KEY FIGURES is a perfect example of a gallery show where you need to read the info sheet on hand. Sometimes the titles are funny, sometimes they offer insight; the materials give meaning and intention.

Key Figures, a group show at Adams and Ollman through March 28, is essentially a room full of faces. Some look psychotic, some unassuming, and some are confusing. Speaking of confusing: The first thing you'll notice when you enter the gallery is a piece of cardboard to the left of the entrance. You'll think, "What the hell?" It's called "Untitled (Shield #4)," and it's by Chris Bradley. It looks like a piece of cardboard pulled in off the street, propped against the wall, with two circular eyeholes cut out. What it doesn't look like is a painted piece of steel and aluminum. But that's what it is—trompe l'oeil cardboard. Surrounded by framed work, it comes as a surprise.

There are a number of surprises in Key Figures. The show's like a lesson in contemporary figure drawing—the art ranges from abstraction to borderline caricature to conceptual. Arnold J. Kemp has one of the larger pieces in the show, a print of a piece of aluminum with three holes cut out. The top of the frame is painted red and fades to black; the piece is called "What Actually Happens (See Black Say Red)." The holes are an ominous reference to the hoods of the Ku Klux Klan: It's a haunting, poetic gesture about racial violence. A painting by Vaginal Davis, "Jeanne Lanvin, Madame Grès, Elsa Schiaparelli," lists some of its materials as "Britney Spears eye shadow, Wet n Wild nail polish, Afro Sheen, Aqua Net Extra Hold Hair Spray"—three heads are stacked on top of one another on a small piece of cardboard. An oil painting by Brian Kokoska made me laugh: It's titled "Buttercup (She Gives No Fucks)," and it looks like the head of a child—the face of a girl with a huge grin and giant eyes, painted all yellow and black.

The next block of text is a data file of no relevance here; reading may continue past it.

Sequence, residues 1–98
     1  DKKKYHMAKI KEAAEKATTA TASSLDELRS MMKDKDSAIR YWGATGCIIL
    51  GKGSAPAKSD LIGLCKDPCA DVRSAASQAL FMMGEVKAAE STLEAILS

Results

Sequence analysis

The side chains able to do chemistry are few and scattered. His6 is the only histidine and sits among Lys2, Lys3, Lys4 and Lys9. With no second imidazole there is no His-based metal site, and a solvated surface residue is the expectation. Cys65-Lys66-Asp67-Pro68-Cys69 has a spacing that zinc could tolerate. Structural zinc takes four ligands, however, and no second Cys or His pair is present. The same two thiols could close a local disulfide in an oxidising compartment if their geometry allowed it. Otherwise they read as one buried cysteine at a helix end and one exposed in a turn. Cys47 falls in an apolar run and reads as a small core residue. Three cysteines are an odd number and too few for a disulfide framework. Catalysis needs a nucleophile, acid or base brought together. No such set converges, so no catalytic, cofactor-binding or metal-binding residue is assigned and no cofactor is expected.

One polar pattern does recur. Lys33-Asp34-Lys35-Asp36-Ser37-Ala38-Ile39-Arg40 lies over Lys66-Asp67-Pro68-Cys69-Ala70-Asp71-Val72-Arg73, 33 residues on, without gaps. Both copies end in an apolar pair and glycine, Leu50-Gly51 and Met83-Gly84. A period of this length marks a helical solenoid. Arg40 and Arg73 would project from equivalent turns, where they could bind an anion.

Most of the work in the show was done within the last couple of years, but some of my favorites are the older pieces. Mireille Delice's piece from the 1990s, a Haitian voodoo flag, is enchanting—bedazzled with sequins and beads, it sparkles in the space. In the back of the room, there's a patchwork of bright colors, a petite watercolor by Gladys Nilsson done in 1968.

All of the pieces have a spontaneous feel to them. The gallery lists its mission as specializing in work by self-taught (or "outsider") artists of the 20th century, and contemporary artists who work in a similar, intuitive way, some of whom are local; it's one of the few spaces in Portland dedicated to that type of work, which is refreshing to see. Offering up a whole show to figurative work is itself still unique—or out of vogue—in a gallery space these days. This is the second show in Adams and Ollman's new home on the west side of the river, a small white box off West Burnside. I'm looking forward to many more.